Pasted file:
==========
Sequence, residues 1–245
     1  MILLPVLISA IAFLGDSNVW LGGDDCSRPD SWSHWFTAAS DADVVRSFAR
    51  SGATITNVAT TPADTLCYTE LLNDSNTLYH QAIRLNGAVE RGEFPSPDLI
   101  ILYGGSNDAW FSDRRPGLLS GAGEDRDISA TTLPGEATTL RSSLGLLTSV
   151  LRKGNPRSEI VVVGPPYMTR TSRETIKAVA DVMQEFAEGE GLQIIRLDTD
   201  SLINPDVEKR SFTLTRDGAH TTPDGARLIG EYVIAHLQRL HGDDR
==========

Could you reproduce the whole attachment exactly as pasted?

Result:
Sequence, residues 1–245
     1  MILLPVLISA IAFLGDSNVW LGGDDCSRPD SWSHWFTAAS DADVVRSFAR
    51  SGATITNVAT TPADTLCYTE LLNDSNTLYH QAIRLNGAVE RGEFPSPDLI
   101  ILYGGSNDAW FSDRRPGLLS GAGEDRDISA TTLPGEATTL RSSLGLLTSV
   151  LRKGNPRSEI VVVGPPYMTR TSRETIKAVA DVMQEFAEGE GLQIIRLDTD
   201  SLINPDVEKR SFTLTRDGAH TTPDGARLIG EYVIAHLQRL HGDDR